To share files of several gigabytes (GBs) locally between two computers.
- Cloud storage (e.g. Dropbox, Google Drive)
- Inefficient for slow Internet connection
- Limited file size in an upload
- USB storage devices (an example of Sneakernet)
- Need to copy the file twice
Technology that I used
Connect the two computers using a LAN cable.
- Unlimited sharing of data
- Fast data transfer: the bandwidth isn’t limited by ISPs.
Following the instructions from AN0NYM0U5, one should be able to set up a “connection” between two Windows 7 computers. I just highlight some important configurations to be done in Windows 7’s Network and Sharing Center.
- Connect the 2 machines through a LAN cable.
- Ensure that the file access rights are properly set.
- Set the properties of the “Local Area Connection” → “…IPv4”.
Set the values according to the table below.
First computer Second computer IP address 192.168.1.1 192.168.1.3 Subnet mask1 255.255.255.0 255.255.255.0 Default gateway 192.168.1.3 192.168.1.1
- The IP addresses for both computers should start with “192.168.”, which stands for private network, and they should be different.
- The computers in the connection should share the same subnet masks.
- The default gateway for each computer should be the IP address of the other computer.
The IPv4 properties for the second computer.
Remarks: The above steps is for Windows 7 only.2
How about setting up a connection between Linux and Windows?
Connection between Windows and Linux
- Do the above network configurations on Windows 7.
- I will treat my Linux desktop as my first computer, and my Windows 7 laptop as my second one.
Install openssh-server on Linux.3
~~~ $ sudo apt-get install openssh-server ~~~
- Do some of the following settings on Linux.
Remarks: These steps should be done efficiently.
Using GUI on Ubuntu
It’s quite easy to set up the connection with Ubuntu’s Network Manager.
The route settings (the button with “(R)”) can be left out.
Using the terminal
It’s possible that the layout of GUI tools changes from time to time, but unlikely for commands. Moreover, a Linux computer does not necessarily has a desktop. Therefore, the commands are worth learning.
(Last edited on JUN 16, 2014)
- Change IP addresses in both machines. (Instructions on nixCraft)
- Set the default gateway. (Instructions on nixCraft)
To sum up, issue the command for “2” right after “1”.
$ sudo ifconfig eth0 192.168.1.1 $ sudo route add default gw 192.168.1.3 eth0
$ ifconfig eth0 eth0 Link encap:Ethernet HWaddr b8:ac:6f:db:d1:0c inet addr:192.168.1.1 Bcast:192.168.1.255 Mask:255.255.255.0 inet6 addr: fe80::baac:6fff:fedb:d10c/64 Scope:Link UP BROADCAST RUNNING MULTICAST MTU:8000 Metric:1 RX packets:36250 errors:0 dropped:17 overruns:0 frame:0 TX packets:27619 errors:0 dropped:0 overruns:0 carrier:0 collisions:0 txqueuelen:1000 RX bytes:29592391 (29.5 MB) TX bytes:4441266 (4.4 MB) Interrupt:42 Base address:0xe000 $ route -n Kernel IP routing table Destination Gateway Genmask Flags Metric Ref Use Iface 0.0.0.0 192.168.1.3 0.0.0.0 UG 0 0 0 eth0 169.254.0.0 0.0.0.0 255.255.0.0 U 1000 0 0 eth0 192.168.1.0 0.0.0.0 255.255.255.0 U 1 0 0 eth0
If the net mask is omitted, it will be automatically set. It can’t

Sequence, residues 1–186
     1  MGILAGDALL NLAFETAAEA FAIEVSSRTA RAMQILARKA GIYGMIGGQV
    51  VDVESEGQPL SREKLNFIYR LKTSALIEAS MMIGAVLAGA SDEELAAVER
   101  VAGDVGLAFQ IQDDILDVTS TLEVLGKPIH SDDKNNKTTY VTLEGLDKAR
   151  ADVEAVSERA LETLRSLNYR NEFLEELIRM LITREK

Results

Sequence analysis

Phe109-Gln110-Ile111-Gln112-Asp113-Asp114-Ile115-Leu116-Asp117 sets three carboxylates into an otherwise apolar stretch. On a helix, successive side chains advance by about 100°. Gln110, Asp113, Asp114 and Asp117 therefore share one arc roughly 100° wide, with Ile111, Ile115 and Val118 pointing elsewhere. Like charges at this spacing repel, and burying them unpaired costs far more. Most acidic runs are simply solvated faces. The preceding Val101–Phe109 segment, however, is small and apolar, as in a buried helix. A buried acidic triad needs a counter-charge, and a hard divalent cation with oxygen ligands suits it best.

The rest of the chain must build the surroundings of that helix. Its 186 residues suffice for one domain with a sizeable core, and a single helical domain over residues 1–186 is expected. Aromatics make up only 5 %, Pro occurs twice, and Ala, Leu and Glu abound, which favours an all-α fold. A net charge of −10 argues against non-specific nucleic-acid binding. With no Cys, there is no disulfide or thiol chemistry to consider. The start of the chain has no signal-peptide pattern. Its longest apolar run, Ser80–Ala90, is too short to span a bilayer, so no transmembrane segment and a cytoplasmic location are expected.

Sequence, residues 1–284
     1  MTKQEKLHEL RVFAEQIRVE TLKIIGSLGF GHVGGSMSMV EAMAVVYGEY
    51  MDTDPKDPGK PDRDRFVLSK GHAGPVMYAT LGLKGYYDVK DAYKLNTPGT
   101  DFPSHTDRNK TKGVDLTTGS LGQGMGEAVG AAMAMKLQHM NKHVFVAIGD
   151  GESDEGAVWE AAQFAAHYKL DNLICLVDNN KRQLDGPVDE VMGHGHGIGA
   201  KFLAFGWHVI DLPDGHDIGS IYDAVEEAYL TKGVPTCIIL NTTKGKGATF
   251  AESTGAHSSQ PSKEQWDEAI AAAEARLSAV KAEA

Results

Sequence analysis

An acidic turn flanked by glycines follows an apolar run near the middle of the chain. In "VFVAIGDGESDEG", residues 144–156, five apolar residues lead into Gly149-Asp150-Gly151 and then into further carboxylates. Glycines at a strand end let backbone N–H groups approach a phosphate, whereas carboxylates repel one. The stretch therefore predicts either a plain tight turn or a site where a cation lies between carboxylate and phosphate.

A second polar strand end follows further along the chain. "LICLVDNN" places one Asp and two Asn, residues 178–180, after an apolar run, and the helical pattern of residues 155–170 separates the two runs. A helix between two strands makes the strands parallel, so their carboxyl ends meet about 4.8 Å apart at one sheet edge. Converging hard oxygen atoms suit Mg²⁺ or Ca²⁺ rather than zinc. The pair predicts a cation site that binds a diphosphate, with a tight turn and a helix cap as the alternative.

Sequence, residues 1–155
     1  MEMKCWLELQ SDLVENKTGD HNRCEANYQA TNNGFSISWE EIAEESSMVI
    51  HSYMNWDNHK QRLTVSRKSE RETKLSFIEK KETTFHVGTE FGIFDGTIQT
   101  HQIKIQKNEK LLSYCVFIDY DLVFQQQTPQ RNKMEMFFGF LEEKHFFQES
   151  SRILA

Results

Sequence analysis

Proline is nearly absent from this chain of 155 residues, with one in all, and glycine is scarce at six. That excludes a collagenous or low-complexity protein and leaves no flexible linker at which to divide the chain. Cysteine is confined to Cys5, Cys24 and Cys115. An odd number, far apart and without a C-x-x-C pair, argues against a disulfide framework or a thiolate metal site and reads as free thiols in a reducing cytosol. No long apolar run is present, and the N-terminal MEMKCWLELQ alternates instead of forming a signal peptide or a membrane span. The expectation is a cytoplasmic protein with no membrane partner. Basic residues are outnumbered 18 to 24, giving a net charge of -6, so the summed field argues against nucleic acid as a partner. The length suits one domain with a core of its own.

be arbitrarily set. If
eth0 is already up, then the word
be omitted in the command.
- The changed network settings can disappear if one
does it slowlydoesn’t uncheck the “Automatically Connect” option in Ubuntu’s Network Manager.
- If the default gateway isn’t set, one can still connect the two
However, I observed that such a connection isn’t so stable.
- The connection established through Ubuntu’s Network Manager doesn’t have such problem.
If a local area connection has been set up successfully, one should see an active network in Windows 7’s Network and Sharing Center.
Remote login via SSH
Before actually using SSH, one can using the following commands to check if the remote server is up. For more details, such as the number of packets sent to the remote machine, check it elsewhere like the command’s manpage or the Internet.
$ ping [host] # send some packets to `host' $ nmap [host] # detect which ports are open
At first, I tried
ssh 192.168.1.1, and was prompted to input my
password. Unfortunately, I overlooked the user name. Even though I
repeatedly input the correct password, my Ubuntu computer denied
my “remote” access via SSH.
I recalled that *nix terminal are case sensitive, unlike Window’s Command Prompt. Therefore, specifying the appropriate user name and password at the remote host, the SSH connection should be set up.
File sharing via SCP
To save time and effort, I just include two links for interested readers.
- A brief summary of the usage of
scpon Indiana University Knowledge Base (URL)
~can be used after
user@host:to indicate the home folder.
- More examples of SCP commands. (URL)
According to the official manual, SSH paths are supported by
the SCM. For example, to copy a Git repository called
myproj from a
Linux machine, I can use the following command.
$ git clone ssh://firstname.lastname@example.org/~/myproj
One can perform a Git fetch more quickly after adding the SSH path of the Git repository on the “remote” machine into the list of remote repositories.
$ git remote add ubuntu_desktop ssh://email@example.com/~/myproj $ git fetch ubuntu_desktop [branch]
git push to remote machines will fail if the remote
repository being “pushed” is non-bare. Either setting up a bare
repository at the “remote” *nix computer or pushing the branch will
solve the problem.4